If the Indianapolis Colts are going to fight their way back to being a Super Bowl contender, they will need a coach that has a strong working relationship with their quarterback.
His background is 100 percent defensive. Coming from the Baltimore Ravens makes that even more noticeable. Baltimore is a franchise that essentially discourages offense.
Chris Mortensen of ESPN has reported that the Colts are going to take Andrew Luck with the No. 1 pick. How is Luck going to succeed on a team with a head coach that's 100 percent defensive? It is a tall order, and terribly unrealistic.
Luck is really who this boils down to. If the Colts were a team that had an established veteran quarterback, then the hiring of a defensive-minded head coach would not be that big of a deal. Realistically, the Colts don't have that veteran quarterback. Peyton Manning is on the roster, but it would cost the Colts too much money to keep Manning and draft Luck.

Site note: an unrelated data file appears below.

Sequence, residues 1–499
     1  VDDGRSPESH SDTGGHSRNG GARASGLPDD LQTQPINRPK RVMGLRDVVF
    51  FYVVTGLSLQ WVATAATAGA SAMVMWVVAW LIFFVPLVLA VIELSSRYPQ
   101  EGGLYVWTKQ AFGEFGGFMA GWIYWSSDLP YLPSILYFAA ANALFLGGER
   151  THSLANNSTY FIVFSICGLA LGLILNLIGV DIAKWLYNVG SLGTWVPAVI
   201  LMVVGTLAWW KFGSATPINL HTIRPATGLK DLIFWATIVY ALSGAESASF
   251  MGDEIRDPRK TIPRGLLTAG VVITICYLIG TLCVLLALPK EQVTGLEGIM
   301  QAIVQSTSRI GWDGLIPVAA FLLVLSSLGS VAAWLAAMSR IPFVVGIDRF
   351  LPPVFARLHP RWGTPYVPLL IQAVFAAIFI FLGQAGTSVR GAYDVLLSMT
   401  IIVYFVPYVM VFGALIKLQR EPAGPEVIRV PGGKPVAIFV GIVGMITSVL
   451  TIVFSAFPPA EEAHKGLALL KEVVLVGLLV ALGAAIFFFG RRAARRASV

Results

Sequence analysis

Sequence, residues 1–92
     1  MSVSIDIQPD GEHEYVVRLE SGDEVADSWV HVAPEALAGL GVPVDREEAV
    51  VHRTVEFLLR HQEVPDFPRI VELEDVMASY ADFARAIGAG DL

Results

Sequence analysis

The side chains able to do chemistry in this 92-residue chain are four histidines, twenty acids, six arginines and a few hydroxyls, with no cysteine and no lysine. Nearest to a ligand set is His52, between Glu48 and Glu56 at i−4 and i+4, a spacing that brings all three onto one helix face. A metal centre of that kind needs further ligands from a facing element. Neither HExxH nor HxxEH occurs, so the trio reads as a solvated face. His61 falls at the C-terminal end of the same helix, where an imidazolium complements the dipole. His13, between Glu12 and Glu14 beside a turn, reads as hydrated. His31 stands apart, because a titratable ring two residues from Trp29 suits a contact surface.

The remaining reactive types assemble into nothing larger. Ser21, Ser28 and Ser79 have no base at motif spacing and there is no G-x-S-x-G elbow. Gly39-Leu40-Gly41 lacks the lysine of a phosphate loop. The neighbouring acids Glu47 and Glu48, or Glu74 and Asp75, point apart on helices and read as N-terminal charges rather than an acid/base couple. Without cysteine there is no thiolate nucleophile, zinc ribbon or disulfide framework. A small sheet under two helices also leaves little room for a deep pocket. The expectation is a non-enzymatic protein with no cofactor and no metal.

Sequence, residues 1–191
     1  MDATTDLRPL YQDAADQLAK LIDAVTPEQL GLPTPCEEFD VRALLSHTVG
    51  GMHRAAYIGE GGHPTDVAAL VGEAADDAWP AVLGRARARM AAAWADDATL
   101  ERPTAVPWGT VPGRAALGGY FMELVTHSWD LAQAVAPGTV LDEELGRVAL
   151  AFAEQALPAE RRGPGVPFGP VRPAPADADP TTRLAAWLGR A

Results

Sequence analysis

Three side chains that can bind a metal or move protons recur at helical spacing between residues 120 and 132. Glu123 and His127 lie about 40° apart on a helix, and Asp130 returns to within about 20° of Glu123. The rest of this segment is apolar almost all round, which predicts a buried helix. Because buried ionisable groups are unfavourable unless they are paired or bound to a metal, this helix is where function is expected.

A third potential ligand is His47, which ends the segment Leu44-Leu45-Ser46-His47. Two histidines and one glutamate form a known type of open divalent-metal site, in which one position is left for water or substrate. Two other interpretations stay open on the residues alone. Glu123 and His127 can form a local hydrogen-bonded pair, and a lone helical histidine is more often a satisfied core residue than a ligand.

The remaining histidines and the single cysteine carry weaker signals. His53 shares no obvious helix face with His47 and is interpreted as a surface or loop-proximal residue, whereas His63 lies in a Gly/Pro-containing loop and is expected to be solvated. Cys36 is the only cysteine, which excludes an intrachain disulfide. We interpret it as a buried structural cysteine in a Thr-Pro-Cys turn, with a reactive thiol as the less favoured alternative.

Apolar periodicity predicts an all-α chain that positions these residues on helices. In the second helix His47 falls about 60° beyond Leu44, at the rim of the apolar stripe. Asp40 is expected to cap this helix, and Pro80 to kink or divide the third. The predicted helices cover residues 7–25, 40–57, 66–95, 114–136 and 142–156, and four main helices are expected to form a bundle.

Indianapolis needs a guy that can put together game plans best suited for the development of the quarterback. We don't need to look any further than Indianapolis in 1998 to know that when a quarterback is in place, the rest of the franchise will follow suit.
But that quarterback needs to be put into a situation to be great. When Manning was selected by the Colts, they had an experienced coach in Jim Mora, a young receiver in Marvin Harrison and talented players like Edgerrin James and Reggie Wayne on the way. That environment allowed Manning to be the best possible quarterback he could be.
But now, the offensive talent isn't there in the same way. The coach will be a defensive-minded rookie. If you're looking for a parallel, think about Mike Nolan and Alex Smith in San Francisco in 2005. Smith didn't succeed until he had an offensive head coach in Jim Harbaugh. That season didn't come until 2011.
That is not giving Luck his best chance for success. This is a decision the Colts will come to regret.